ATS 2017, WASHINGTON, DC--A lung cancer diagnosis appears to put patients at the greatest risk of suicide when compared to the most common types of non-skin cancers, according to new research presented at the ATS 2017 International Conference.
Researchers analyzed 3,640,229 patients in the Surveillance, Epidemiology, and End Results (SEER) database and looked at suicide deaths for all cancers and for lung, prostate, breast and colorectal cancers individually. Over a 40 year period, cancer diagnoses were associated with 6,661 suicides.
The study found that, compared to the general population, the suicide rate in patients with:
- any kind of cancer was 60 percent higher,
- lung cancer was 420 percent higher,
- colorectal cancer was 40 percent higher,
- breast cancer was 20 percent higher, and
- prostate cancer was 20 percent higher.
"We wanted to see what the impact of one of life's most stressful events is on patients," said Mohamed Rahouma, MD, a post-doctoral cardiothoracic research fellow at Weill Cornell Medical College/New York Presbyterian Hospital. "I think it's fair to say that most clinicians don't think about suicide risk in cancer patients. This study, I hope, will change that by making us more aware of those at greatest risk of suicide so that this catastrophe in the care of our patients doesn't happen."
Among lung cancer patients, Asians have a more than 13-fold and men a nearly 9-fold increase in suicides. Other factors that increased suicide risk were being older, being widowed, refusing surgical treatment and having a difficult-to-treat (metastatic) type of lung cancer.
The authors noted that over the 40-year study period, suicide rates decreased, most notably for lung cancer when compared to the other three most common cancers.
"While cancer diagnosis counselling is an established practice, especially if a patient seems depressed, referral for ongoing psychological support and counseling typically does not happen," Dr. Rahouma said. "This represents a lost opportunity to help patients with a devastating diagnosis."
Contact for Media: Mohamed Rahouma, MD, firstname.lastname@example.org
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Session: C94 Psychological Impacts on Respiratory Health and Critical Illness
Abstract Presentation Time: Tuesday, May 23, 2:15 p.m. ET
Location: Walter E. Washington Convention Center, Room 146C (Middle Bldg., Street Level)
Lung cancer patients have the highest malignancy-associated suicide rate in USA: a population based analysis.
Authors: M. Rahouma, M. Kamel, A. Nasar, S. Harrison, B. Lee, B. Stiles, N. Altorki, J.L. Port; Weill Cornell Medicine, New York Presbyterian Hospital, New York, NY - New York, NY/US
Previous studies have reported that the psychological and social distresses associated with cancer diagnosis have led to an increase in suicides compared to the general population. In the current study we sought to explore lung cancer associated suicide rates in a large national database compared to the general population as well as to the three most prevalent non-skin cancers [breast, prostate, colorectal cancer (CRC)].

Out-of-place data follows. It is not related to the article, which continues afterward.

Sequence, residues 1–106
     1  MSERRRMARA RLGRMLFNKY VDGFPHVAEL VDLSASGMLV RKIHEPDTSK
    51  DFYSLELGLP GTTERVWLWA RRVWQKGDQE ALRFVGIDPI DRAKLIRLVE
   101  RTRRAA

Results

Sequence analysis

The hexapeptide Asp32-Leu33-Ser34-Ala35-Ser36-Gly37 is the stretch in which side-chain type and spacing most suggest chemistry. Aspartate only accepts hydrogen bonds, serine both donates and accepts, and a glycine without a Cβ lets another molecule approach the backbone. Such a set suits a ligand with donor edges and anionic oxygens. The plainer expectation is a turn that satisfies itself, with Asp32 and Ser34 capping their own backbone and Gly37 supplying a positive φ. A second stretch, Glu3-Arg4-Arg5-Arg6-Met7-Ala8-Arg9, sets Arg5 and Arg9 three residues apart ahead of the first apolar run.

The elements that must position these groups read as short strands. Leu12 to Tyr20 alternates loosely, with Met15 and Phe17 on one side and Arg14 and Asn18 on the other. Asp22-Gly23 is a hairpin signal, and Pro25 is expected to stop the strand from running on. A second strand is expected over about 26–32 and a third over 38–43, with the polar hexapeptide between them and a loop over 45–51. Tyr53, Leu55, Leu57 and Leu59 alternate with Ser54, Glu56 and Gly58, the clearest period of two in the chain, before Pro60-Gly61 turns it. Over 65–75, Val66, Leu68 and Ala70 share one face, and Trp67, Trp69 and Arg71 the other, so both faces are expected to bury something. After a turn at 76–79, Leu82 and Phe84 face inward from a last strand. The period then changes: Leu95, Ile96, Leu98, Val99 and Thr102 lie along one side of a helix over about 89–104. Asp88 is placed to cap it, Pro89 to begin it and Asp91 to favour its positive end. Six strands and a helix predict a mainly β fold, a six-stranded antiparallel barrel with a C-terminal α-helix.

The Surveillance, Epidemiology, and End Results (SEER) database (1973-2013) was retrospectively queried to identify cancer associated suicide deaths in all cancers combined, as well as, for each of lung, prostate, breast, or colorectal cancers. Suicide incidence and standardized mortality ratio (SMR) were estimated by using SEER*Stat 8.3.2 program. Suicidal rate for the general US population was obtained from National Vital Statistics Reports, Vol.64, No. 2.
Furthermore, suicidal trends over time and timing from cancer diagnosis to suicide were estimated for each cancer type. Among lung cancer patients, suicide SMR of different demographic, social and tumor related factors were identified.
Among 3,640,229 patients diagnosed with cancer in the study period, 6661 patients committed suicide. The cancer associated suicide rate was 27.5/100,000 person-years (SMR=1.6) compared to 13 /100,000 person-years for the general US population.
The highest suicide risk was observed in lung cancer patients (SMR= 4.2) followed by CRC (SMR=1.4), breast cancer (SMR=1.4) and prostate cancer (SMR=1.2). Median time to suicide was 7 months from diagnosis in lung cancer, 56 months in prostate ca, 52 months in breast cancer and 37 months in CRC (p<0.001).
There was a trend towards the decrease in suicide SMR over time, which is most notable for lung cancer compared to the other three cancers (Figure).
Among lung cancer patients; suicide SMR was higher in males (SMR=8.8), Asians (SMR=13.7), widowed patients (SMR=11.6), older patients (70-75 years; SMR=12), patients with undifferentiated tumors (SMR 8.6) or small cell lung carcinoma (SCLC) histology (SMR=11.2), patients presenting with metastatic disease (SMR=13.9) and in patients who refused to receive surgical treatment (SMR=13).
The cancer associated suicide rate is nearly twice that of US-general population. Suicide risk is highest among lung cancer patients, particularly older patients, widowed, males, and patients with unfavorable tumor characteristics. It is important to identify these high risk patients in order to provide the proper psychological assessment, support, and counselling to reduce these rates.